What is an eating disorder?
An eating disorder is any pattern of eating that leads to disruption in someone’s behaviors, thinking, and mood state that could lead to disruptions in his or her ability to function in any number of areas — including interpersonal relationships, social situations, school, and work — and, eventually, disruptions in health. Someone who suffers from this type of disorder will continue such behaviors, despite evidence that it is not in that person’s best interest. Such driven behaviors may be caused by any number of factors and serve any number of purposes, but they are harmful and can result in significant functional impairment — even leading to death in some extreme cases.
How do I know if I have an eating disorder?
Warning signs of an eating disorder can include alterations in weight, preoccupation with body image, disruptions in eating patterns, preoccupation with the nutritional content of foods, changes in exercise patterns, use of laxatives, diuretics and diet pills, mood fluctuations, and physical symptoms such as fainting spells from malnutrition and dehydration.
What do you treat at The Meadows Ranch?
We offer inpatient, residential, and partial-hospitalization levels of care for women and girls struggling with anorexia, bulimia, binge eating disorder, obesity, compulsive overeating, and related issues. (All levels of care include on-site housing.) Patients are separated by age, with those 17 and under in our adolescent program and women 18 and older in our adult program. We can accept patients as young as 7. Our expert treatment team is equipped to handle patients who are as low as 70% of their ideal bodyweight and can even accept acute cases where feeding tubes are necessary. We can also accommodate diabetics, a variety of food allergies, and vegetarian patients.
Are there potential patients who aren’t a fit for The Meadows Ranch?
We are not currently able to accommodate vegan patients. Those who are aggressive, with a history of violence, or dealing with psychosis are also not a fit for The Meadows Ranch. Because we ar a very open campus, The Meadows Ranch is not recommended for those with a history of running. For potential patients who are lower than 70% of their ideal body weight, we have some great partners in the field that we will refer out to, then patients return to us when they are ready and able to engage in active treatment.
How long will I have to be in treatment?
When you undergo treatment, it’s important to stay for the duration of the treatment program. Detox may be included if you are addicted to substances or if you display compulsive behaviors. A typical treatment program lasts anywhere from 45 to 60 days, but each individual is different.
What exactly is inpatient treatment?
Inpatient treatment provides care 24 hours a day. Sometimes, it is better to be taken out of your home environment to focus fully on recovery for a period of time. After an extensive evaluation, a group of therapists, counselors, and psychologists devise a personalized treatment plan. At The Meadows Ranch, that plan is based on the patient’s diagnosis, interests, and personality, and usually consists of group and one-on-one therapy, educational sessions, along with holistic offerings like expressive arts, recreation, and equine therapy.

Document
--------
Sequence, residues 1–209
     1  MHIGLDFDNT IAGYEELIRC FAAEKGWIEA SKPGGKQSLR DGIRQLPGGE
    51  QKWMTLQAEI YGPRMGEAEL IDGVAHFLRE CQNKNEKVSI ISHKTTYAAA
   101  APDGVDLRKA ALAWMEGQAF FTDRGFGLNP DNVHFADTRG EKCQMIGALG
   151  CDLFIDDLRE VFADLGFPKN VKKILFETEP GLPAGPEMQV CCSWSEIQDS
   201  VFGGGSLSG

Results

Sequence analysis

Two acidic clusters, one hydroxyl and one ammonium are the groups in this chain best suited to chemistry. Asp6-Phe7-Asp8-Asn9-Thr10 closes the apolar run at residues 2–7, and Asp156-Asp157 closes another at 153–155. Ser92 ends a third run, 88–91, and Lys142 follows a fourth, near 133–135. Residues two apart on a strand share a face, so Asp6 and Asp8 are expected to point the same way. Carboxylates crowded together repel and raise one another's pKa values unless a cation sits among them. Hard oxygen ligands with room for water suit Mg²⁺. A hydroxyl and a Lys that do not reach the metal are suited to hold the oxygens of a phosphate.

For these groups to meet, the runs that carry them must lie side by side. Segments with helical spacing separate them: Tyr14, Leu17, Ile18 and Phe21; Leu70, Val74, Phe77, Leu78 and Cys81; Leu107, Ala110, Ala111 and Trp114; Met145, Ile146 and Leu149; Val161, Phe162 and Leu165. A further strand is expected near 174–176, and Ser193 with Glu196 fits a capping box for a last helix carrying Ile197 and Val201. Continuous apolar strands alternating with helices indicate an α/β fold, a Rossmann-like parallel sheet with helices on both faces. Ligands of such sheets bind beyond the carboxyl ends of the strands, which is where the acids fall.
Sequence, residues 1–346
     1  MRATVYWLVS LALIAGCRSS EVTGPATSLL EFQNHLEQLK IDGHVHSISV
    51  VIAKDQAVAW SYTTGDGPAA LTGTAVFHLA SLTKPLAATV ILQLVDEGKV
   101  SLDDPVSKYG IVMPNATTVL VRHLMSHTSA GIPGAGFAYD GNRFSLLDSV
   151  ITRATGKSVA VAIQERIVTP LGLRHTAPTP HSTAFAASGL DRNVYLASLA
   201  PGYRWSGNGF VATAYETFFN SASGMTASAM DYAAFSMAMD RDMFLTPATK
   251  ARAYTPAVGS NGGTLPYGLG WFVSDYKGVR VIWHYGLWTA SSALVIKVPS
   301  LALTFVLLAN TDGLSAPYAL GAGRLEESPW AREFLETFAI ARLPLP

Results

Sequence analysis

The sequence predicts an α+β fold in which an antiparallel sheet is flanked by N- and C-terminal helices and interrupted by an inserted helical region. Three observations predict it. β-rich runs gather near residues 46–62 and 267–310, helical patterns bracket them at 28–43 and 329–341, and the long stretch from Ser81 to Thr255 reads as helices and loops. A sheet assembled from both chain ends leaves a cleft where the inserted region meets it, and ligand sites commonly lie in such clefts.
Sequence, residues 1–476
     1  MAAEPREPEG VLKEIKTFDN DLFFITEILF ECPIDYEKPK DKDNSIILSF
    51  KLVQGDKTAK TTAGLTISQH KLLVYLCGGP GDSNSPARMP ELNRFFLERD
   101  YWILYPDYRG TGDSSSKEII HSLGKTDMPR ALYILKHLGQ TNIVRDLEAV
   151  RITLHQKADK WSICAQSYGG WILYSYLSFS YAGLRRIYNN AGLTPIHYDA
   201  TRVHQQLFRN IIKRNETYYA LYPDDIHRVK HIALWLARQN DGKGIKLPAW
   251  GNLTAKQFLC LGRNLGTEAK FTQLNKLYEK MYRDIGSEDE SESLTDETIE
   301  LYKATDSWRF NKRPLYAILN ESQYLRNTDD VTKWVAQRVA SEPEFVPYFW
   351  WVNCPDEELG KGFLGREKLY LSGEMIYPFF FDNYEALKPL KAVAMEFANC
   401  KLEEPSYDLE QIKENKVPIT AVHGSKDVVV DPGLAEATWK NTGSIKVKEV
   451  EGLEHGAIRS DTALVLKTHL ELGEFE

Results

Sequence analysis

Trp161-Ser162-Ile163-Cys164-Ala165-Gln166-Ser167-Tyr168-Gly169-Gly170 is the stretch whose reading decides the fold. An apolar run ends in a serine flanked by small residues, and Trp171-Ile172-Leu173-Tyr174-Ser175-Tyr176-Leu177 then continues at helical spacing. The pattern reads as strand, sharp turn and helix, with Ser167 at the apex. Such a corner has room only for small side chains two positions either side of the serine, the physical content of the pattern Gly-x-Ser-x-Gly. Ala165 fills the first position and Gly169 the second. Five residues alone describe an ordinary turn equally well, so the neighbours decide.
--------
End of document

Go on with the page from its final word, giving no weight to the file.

How do I know if I need an outpatient or inpatient level of treatment?
If you aren’t showing progress in an outpatient program, or if it becomes unsafe for you to remain in an outpatient program, you should be admitted to an inpatient facility.
How will my family be involved in my treatment?
Family involvement is crucial during the recovery process. Most treatment facilities have a set period for the family to visit and participate in workshops or lectures. Addiction often stems from issues within the family, so it’s essential to understand family dynamics and provide a space for the family to communicate and heal. Not only does this help the healing process for the patient, but it helps the entire family, too.
What is The Meadows Ranch’s success rate? Will I be “cured” after treatment there?
Most eating disorders, no matter what type, have no definitive “cure,” only ongoing recovery. At The Meadows Ranch, we base our success rate on three factors: the number of alumni who recommend our program to friends and relatives, the number of referrals we get from other treatment facilities, and the number of patients referred to us by therapists and other medical practitioners. We are trusted by those in the industry, and we do everything we can to ensure the ongoing success of our patients.
What is the treatment philosophy at The Meadows Ranch?
The Meadows Ranch combines evidence-based theories of teaching coping and containment skills to do the more in-depth work to get at the source of the eating disorder so that a person can make a long-lasting, recovery-based change.
What is co-occurring disorders treatment?
Eating disorders often occur in tandem with other mental health disorders like depression, anxiety, post-traumatic stress disorder (PTSD) and substance abuse. An eating disorder may be brought on or exacerbated by trauma, or it may cause depression. Substances like drugs or alcohol may play a role in an eating disorder, or they may be used to numb pain or sadness caused by the disorder. Co-occurring disorders or dual diagnosis treatment addresses any combination of more than one mental health disorder and/or addiction. If you only treat the eating disorder and leave co-occurring mental health problems to continue unchecked, long-term recovery is put at risk.